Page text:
The impact of inequality on the lives of children

In Episode 1 of Series 4 of the DIAL Podcast we’re in discussion with Professor Kjell Salvanes and Dr Helen Wareham to talk about the impact of inequality on the lives of children. Kjell is the Principal Investigator on Growing up Unequal? The Origins, Dynamics and Lifecycle Consequences of Childhood Inequalities while Helen is a Research Associate on the project Social InEquality and its Effects on Child Development. 



Christine Garrington  0:00 

Welcome to DIAL a podcast where we tune in to inequality over the lifecourse. In Series 4 we’re looking at what’s been learned from DIAL projects about how and when inequality manifests in our lives, and what its longer-term consequences might be. For this first episode of the series, we’re delighted to be joined by Professor Kjell Salvanes and Dr. Helen Wareham to talk about the impact of inequality on the lives of children. Kjell heads up a project called Growing up Unequal? The Origins, Dynamics and Lifecycle Consequences of Childhood Inequalities, while Helen is a research associate on the project, Social InEquality and its Effects on child Development. So Helen, let’s start with the work that you and your team have been doing, looking at how young children are getting on and where inequalities might be occurring. I wonder if you can just start by explaining really a bit more about that the main focus of your project.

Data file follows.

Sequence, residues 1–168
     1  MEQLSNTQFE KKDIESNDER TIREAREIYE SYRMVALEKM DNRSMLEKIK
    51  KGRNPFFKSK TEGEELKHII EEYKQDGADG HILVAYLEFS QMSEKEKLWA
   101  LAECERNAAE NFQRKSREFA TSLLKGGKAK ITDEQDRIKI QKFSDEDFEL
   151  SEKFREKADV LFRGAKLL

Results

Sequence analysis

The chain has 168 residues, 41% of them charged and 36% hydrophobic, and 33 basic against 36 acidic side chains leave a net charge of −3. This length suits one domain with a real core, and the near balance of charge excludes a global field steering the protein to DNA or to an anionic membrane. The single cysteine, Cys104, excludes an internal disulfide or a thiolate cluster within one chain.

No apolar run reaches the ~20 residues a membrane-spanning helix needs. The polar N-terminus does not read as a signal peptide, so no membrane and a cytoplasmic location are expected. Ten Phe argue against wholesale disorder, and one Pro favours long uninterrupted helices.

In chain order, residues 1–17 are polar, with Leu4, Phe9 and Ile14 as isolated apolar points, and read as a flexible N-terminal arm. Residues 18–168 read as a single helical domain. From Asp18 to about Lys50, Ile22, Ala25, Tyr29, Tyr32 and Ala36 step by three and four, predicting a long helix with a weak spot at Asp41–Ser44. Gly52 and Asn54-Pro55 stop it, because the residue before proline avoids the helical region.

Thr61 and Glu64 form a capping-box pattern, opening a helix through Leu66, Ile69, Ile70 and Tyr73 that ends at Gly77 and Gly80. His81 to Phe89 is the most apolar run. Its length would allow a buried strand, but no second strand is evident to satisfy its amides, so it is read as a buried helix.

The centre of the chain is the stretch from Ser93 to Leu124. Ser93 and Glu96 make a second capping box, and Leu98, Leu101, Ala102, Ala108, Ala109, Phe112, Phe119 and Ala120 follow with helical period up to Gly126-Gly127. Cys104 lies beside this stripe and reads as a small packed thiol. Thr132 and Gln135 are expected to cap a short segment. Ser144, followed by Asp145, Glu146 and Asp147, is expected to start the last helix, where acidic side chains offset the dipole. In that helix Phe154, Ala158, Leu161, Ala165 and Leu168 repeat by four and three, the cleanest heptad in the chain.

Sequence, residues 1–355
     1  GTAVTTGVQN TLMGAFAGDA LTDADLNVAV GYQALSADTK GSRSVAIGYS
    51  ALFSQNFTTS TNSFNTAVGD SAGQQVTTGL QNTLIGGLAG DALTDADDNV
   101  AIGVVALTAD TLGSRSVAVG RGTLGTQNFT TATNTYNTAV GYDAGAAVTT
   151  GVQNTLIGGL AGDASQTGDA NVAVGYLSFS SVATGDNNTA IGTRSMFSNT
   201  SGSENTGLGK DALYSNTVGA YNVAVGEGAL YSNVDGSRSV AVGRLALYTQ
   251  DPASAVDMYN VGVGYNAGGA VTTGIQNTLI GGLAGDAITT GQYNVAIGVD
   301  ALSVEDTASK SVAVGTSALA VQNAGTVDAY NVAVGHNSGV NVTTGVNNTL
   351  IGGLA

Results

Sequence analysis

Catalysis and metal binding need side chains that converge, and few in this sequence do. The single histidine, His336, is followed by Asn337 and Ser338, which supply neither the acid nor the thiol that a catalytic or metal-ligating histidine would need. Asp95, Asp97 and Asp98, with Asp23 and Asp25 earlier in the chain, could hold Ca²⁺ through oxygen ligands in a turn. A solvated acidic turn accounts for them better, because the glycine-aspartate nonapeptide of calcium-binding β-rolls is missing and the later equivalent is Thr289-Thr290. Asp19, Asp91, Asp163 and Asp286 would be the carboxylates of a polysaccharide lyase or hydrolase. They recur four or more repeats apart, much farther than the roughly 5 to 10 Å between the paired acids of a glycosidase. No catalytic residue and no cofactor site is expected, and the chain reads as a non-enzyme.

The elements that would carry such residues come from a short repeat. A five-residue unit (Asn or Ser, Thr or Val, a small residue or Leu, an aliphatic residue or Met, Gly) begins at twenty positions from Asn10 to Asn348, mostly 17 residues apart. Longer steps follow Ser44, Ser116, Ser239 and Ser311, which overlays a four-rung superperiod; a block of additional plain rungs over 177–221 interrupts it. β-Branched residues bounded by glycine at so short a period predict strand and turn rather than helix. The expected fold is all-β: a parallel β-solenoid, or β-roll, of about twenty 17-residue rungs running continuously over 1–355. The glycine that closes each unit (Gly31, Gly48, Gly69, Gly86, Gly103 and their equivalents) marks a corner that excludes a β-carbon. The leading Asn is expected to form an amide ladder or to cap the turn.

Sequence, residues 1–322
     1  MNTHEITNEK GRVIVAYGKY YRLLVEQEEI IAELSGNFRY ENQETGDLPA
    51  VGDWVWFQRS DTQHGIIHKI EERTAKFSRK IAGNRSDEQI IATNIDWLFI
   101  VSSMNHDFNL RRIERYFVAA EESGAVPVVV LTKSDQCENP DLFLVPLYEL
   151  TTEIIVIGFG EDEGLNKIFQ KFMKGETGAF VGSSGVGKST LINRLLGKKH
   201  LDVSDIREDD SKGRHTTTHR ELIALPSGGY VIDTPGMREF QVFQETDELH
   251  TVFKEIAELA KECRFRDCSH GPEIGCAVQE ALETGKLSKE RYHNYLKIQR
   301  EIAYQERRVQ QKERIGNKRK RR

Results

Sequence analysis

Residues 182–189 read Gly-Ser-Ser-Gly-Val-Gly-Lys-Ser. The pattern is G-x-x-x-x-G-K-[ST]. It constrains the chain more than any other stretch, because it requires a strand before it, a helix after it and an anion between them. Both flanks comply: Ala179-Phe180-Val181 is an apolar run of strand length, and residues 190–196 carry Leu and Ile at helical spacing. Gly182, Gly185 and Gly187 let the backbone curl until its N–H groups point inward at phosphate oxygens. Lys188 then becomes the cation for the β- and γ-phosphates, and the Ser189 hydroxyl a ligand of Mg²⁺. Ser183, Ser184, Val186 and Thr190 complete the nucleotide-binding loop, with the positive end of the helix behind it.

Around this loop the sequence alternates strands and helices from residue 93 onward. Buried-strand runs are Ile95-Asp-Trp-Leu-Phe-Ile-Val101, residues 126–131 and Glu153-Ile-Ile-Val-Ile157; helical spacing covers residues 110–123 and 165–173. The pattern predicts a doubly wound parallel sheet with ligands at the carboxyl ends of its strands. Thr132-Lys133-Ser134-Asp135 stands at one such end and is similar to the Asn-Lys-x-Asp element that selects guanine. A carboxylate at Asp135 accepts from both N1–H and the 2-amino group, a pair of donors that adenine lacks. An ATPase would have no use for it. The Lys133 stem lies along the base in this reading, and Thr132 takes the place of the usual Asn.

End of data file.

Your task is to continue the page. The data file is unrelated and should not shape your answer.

Helen Wareham  0:50 

So the main focus of SEED, that’s the acronym we have the project is to identify the mechanisms that social inequalities have on children’s, particularly their oral language development, and where we can try and identify what patterns there are in those inequalities, and the impact that it has, and whether those continue throughout children’s lives, and into adulthood as well. We’re a team of around 20 researchers, and we’re quite a broad range of specialists. So we have everything from speech therapists, developmental psychologists, but also medical staff, so ENT, ear, nose and throat specialists. And we’re spread across a number of countries, as well. So there’s a sort of focus around the countries involved in the project. So that’s Germany, the Netherlands and the UK, but also how we can look across those different countries and with broader collaborations with teams in France, the USA and Australia as well.

Christine Garrington  1:44 

So tell us a bit about what your team of 20 researchers in all these different countries has been actually doing over the last few years.

Helen Wareham  1:51